11 North Great Georges Street

№ 11 completed in 1774 and is amongst the first houses built in the then newly laid out North Great George’s Street. Its internal features are in the prevailing style of the time, which was essentially Palladian, but including features more normally associated with earlier country houses. Its stucco decoration must be amongst the very last flings of the renowned Robert West School of Rococo plasterwork. The house was built in a very fashionable street at the heart of the then most exclusive district in the city and was designed to impress and to host elaborate social events in the confident and successful milieu of 18th Century Dublin.

Despite the drain from the city of power and money after the Act of Union in 1800, North Great George’s Street managed to hold onto some grandees till the very end of the 19th Century. In the case of № 11, these included in 1821 a George Whitford, High Sheriff of Dublin, who was knighted in that year by George IV at the Mansion House. No doubt to celebrate his new status, he had the front doorcase re-modelled to accommodate a large new fanlight, and also had the Salon joinery replaced in the fashionable neo-classical style.

Dr. Charles Orpen lived in the house in the 1830’s. He played a significant part in the development of sign language, and in the education of deaf children, founding Ireland’s first school for deaf children.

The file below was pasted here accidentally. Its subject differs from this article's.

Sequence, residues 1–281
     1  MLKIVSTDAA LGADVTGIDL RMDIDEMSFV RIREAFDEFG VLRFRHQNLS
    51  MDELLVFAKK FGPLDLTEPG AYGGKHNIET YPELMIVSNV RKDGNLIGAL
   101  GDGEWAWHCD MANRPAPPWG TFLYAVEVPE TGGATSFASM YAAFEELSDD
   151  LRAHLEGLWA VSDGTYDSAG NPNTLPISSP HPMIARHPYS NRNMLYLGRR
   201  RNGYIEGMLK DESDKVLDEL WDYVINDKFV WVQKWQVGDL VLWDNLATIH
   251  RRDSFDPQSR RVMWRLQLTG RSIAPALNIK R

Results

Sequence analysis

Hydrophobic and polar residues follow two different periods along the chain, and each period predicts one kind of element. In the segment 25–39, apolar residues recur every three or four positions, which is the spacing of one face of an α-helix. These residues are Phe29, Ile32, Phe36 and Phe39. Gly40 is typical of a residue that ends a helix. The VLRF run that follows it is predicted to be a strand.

By the 1850’s a nationalist barrister called Patrick Blake inhabited the house, and it is believed that Michael Davitt, one of the leaders of the Irish Republican Brotherhood, known as the Fenians, was hidden in the house for some time before his arrest and imprisonment in 1870. By this time, and for the rest of the century, the domestic quarters of the house had retreated to the top two floors, and the rest of the house was given over to office space for barristers and land agents.

In 1910 a Mr. Kelly bought the house and turned it into a tenement, which was the increasing trend in a city becoming rapidly impoverished. Unlike many houses, the landlord at № 11 lived on the premises and so the house survived many of the ravages that other houses suffered at this time. Between the 1930’s and 1970’s every room in the house was used as a family flat.

By the early 1980’s the historic centre of Dublin had been all but abandoned. № 11 was largely derelict with a roof that was on the point of collapse. A great deal of the house was saturated and pigeons inhabited the upper floors. Despite this, the last tenant, Mrs. Margaret Howard, who had moved into the house in 1921, struggled to maintain an old fashioned gentility in her tenement rooms on the piano nobile.

The last decade of the twentieth century saw the start of a thorough and painstaking conservation and consolidation, which still continue today. It remains a domestic house in the centre of 21st Century Dublin, situated in a block of the city containing several cultural gems, including the James Joyce Centre, the Hugh Lane Gallery, the Writers Museum and the Gate Theatre.

Its grand rooms can once again host events of the kind for which they were built.